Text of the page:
furnace temperatures. The trend in calcination rate with particle diameter, is of interest. The
rate of calcination should increase with decreasing particle diameter and thus have an
upward slope right to left. The effect of bed thickness causes the upward slope seen in the
100 gram sample experiments. The slope for the 40 gram samples show an initial increase
with increasing particle diameter but then levels out and begins a downward slope for the
larger diameter particles.

This increase and then downward turn indicates that the bed

thickness as a function of stone diameter (bd / dc), is at a tipping point where the impediment
to calcination rate by heat and mass transfer is reducing. This tipping point is at a bd / dc
value of approximately 2.5. It is therefore recommended that the bed thickness for a solar
calcination plant be no thicker than 2.5 times the diameter of the marble.

100

Calcination Rate (g/g.s)

bd / dc = 1.5, TF = 1000C

bd / dc = 1.5, TF = 900C

10
Single, TF = 1000C
40g, TF = 1000C

40g, TF = 900C

Single, TF = 900C

1
100g, TF = 1000C

100g, TF = 900C

0.1
0

10

100

Particle Diameter, dc (mm)


Figure 6-12: Relationship between particle diameter (dc) and calcination rate for various bed
thicknesses and muffle furnace temperatures (TF).

Figure 6-9 shows the fractional calcination profiles for single 9.44mm nominal diameter
(1.000 gram) marble samples calcined at muffle furnace temperatures of 850C, 900C,
950C and 1000C. The calcination rates for these experiments are shown in Table 6-11,
which is graphically displayed in Figure 6-13 below. The plot shows the calcination rates for

195

MUFFLE FURNACE CALCINATION EXPERIMENTS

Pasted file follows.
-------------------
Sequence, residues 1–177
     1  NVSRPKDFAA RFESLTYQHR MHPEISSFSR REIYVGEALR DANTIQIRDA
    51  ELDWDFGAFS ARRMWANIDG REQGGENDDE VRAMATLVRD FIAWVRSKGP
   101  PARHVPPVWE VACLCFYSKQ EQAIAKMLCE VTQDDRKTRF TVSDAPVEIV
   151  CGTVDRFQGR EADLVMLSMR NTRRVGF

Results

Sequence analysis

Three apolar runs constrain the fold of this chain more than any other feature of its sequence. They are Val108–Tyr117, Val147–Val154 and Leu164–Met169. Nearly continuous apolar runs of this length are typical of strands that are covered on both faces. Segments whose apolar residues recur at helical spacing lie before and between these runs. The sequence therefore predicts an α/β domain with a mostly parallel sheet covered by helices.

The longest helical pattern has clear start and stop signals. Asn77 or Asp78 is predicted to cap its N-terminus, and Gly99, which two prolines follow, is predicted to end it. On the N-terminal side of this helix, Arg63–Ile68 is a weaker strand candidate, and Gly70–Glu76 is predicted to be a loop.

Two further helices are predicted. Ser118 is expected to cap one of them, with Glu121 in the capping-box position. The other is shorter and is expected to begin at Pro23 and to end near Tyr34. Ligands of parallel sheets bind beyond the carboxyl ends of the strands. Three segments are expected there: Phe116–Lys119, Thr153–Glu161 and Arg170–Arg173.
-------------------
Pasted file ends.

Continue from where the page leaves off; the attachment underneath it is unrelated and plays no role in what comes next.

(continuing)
the decomposition time (t) from 0 to 50%, t = 0 to 75% and t = 0 to 100%. Using the values
from Table 6-11 the following Equation [6.6] was derived, showing the relationship between
the calcination rate and furnace temperature for the 9.44mm nominal diameter (1.0 gram)
Penrice marble.

dm
2.5
ln
= a + bT
dt
Here:

g/g.s

[6.6]

T is the furnace temperature,


a = -2.997 and b = 1.49510-7 for t = 0 to 50%,
a = -3.688 and b = 1.68810-7 for t = 0 to 75%,
a = -4.398 and b = 1.78210-7 for t = 0 to 100%.

Equation [6.6] has a minimum coefficient of determination, R2 of 0.9858 (for t = 0% to 50%),


indicating a good fit with the data. Equation [6.6] is displayed against the data in Figure 6-13
which also indicates the 95% confidence limits as errors bars on the equation line.
7

dm/dt - Conversion rate (g/g.s)

6
t = 0 to 50%

5
t = 0 to 75%

4
3

t = 0 to 100%

2
1
0
800

850

900

950

1000

1050

Furnace Temperature (K)


Figure 6-13: Measured calcination rates verses muffle furnace temperature for dc = 9.44mm Penrice
marble. Also showing the fit with Equation [6.6] with 95% confidence limits.

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MUFFLE FURNACE CALCINATION EXPERIMENTS

6.5 Conversion Rate and the Arrhenius Equation


The relationship between conversion rate and temperature can be mathematically
represented using one form of the Arrhenius equation shown as Equation [6.7].

The

Arrhenius equation is a relatively simple formula to characterise the temperature dependence


of the rate constant, and therefore, rate of a chemical reaction. It should be remembered
that the Arrhenius equation is for chemical kinetics and should be the same, regardless of
particle size if the reaction is kinetically controlled.

[6.7]

Where:
k is the rate constant for the chemical reaction (sec-1),
A is the pre-exponential factor (sec-1),
Ea is the Arrhenius activation energy (J/mol),
R is the gas constant (8.314 J/ K. mol), and
T refers to temperature (K).
The activation energy, Ea and Arrhenius rate constant, k are calculated from the slope and
intercept from linear regression of the Arrhenius plot, respectively.
Figure 6-14 presents the Arrhenius plot for the 100 gram crucible experiments. The rate of
calcination (dm/dt) has been deduced from the slope of the first 50% (dm/dt50) of CaCO3
conversion, from the TF = 900C and TF = 1000C calcination profiles shown in Figure 6-3.
Table 6-12 displays the activation energy, Ea and rate constant, k, which were calculated